Making Mathematical Discourse Worth Your While
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This is a very useful article for math teachers at all levels, and teachers will need to pay attention to the details to have as much success as these authors apparently had, such as letting students describe their method of solution without interruption. The discussion about the many answers that students share is given after the answers are all described and listed.
From the brief biographies the authors are not actually elementary school teachers, but they describe this sharing task as if they do it all the time in their “class”. At any rate, I will concur that the process works because I have actually done this type of sharing and discussion of answers with first year Algebra students, many of whom were taking it for the second time. So from my experience, I would make one modification to the listing of possible answers. Instead of having students volunteer their answers and methods, because as teenagers they will poke fun at those whose answers are wrong, I listed the possible answers myself from a list I created while I walked around the room observing student work. Then I would ask how a student might get each of the answers. Sometimes I would have to describe a method when no student volunteered, and sometimes I would just let an outlier not be spoken about.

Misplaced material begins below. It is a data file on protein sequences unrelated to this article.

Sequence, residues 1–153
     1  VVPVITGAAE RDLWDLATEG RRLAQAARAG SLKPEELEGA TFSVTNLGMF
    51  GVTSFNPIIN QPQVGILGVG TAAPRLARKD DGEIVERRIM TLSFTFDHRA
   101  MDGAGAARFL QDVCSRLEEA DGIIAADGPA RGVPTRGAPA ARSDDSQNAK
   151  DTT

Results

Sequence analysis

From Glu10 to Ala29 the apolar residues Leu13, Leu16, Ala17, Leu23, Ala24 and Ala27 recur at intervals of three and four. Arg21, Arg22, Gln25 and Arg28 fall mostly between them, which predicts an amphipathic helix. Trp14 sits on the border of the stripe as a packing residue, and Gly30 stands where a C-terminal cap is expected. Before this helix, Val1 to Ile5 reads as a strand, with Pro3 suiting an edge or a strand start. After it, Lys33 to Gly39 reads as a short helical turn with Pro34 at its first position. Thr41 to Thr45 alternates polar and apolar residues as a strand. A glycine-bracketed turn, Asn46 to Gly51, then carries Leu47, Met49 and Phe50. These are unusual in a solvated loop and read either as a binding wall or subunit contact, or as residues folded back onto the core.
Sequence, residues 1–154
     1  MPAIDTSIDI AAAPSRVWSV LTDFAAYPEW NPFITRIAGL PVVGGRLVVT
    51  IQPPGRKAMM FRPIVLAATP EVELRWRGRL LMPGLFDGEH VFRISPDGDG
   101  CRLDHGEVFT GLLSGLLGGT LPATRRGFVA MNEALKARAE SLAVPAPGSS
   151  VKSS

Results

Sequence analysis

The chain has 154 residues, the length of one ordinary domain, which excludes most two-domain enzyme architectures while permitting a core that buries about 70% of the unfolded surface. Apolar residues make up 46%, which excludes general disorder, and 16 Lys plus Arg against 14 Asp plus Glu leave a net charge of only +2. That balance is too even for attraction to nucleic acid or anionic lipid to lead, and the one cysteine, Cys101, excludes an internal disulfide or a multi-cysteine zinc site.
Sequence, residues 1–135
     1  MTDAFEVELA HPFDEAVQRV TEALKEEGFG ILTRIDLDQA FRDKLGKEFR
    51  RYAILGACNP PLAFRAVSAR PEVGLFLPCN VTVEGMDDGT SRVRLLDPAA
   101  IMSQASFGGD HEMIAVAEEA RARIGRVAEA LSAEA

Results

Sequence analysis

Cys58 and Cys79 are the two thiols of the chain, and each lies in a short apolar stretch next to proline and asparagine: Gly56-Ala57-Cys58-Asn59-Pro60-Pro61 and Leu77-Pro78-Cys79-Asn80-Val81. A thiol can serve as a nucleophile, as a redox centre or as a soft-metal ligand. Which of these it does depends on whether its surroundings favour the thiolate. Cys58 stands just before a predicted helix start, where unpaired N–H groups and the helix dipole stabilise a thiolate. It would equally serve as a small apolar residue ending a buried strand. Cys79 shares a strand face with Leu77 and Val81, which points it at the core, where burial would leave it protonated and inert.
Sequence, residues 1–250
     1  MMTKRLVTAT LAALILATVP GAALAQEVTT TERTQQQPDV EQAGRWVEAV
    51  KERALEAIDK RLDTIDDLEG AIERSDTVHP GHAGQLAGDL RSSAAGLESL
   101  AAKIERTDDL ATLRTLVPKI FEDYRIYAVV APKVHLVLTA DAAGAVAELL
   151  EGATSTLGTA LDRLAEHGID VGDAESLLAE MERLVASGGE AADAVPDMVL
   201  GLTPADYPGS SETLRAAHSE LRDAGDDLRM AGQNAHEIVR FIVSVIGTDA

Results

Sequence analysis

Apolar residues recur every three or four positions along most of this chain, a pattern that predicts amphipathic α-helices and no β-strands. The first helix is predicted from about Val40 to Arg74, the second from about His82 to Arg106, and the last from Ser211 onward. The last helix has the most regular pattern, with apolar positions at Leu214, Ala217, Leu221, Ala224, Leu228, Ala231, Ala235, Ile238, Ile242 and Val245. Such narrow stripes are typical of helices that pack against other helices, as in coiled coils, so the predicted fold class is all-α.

However the sharing occurs, this is a great method for encouraging discourse and helping students understand how errors can occur. We don’t do enough of error analysis in our teaching, and this is a great way to embed it in teaching.
Putting a twist on a popular mathematical tool, this collection
of activities shows how putting a number 1 in the bottom-left cell and a 100 in
the top-right cell can better support student reasoning.